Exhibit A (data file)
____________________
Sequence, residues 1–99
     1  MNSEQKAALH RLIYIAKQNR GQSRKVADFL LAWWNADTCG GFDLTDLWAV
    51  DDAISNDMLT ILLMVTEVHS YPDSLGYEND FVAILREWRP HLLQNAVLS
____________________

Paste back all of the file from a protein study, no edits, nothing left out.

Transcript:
Sequence, residues 1–99
     1  MNSEQKAALH RLIYIAKQNR GQSRKVADFL LAWWNADTCG GFDLTDLWAV
    51  DDAISNDMLT ILLMVTEVHS YPDSLGYEND FVAILREWRP HLLQNAVLS